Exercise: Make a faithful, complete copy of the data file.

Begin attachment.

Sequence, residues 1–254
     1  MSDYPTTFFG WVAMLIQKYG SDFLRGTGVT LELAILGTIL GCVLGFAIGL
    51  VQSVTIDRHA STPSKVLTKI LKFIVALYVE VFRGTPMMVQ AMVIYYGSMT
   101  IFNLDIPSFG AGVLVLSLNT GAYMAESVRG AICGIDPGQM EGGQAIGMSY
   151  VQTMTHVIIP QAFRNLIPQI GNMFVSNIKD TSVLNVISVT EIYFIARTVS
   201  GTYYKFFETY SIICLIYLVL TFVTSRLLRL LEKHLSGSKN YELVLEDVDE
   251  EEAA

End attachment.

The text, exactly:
Sequence, residues 1–254
     1  MSDYPTTFFG WVAMLIQKYG SDFLRGTGVT LELAILGTIL GCVLGFAIGL
    51  VQSVTIDRHA STPSKVLTKI LKFIVALYVE VFRGTPMMVQ AMVIYYGSMT
   101  IFNLDIPSFG AGVLVLSLNT GAYMAESVRG AICGIDPGQM EGGQAIGMSY
   151  VQTMTHVIIP QAFRNLIPQI GNMFVSNIKD TSVLNVISVT EIYFIARTVS
   201  GTYYKFFETY SIICLIYLVL TFVTSRLLRL LEKHLSGSKN YELVLEDVDE
   251  EEAA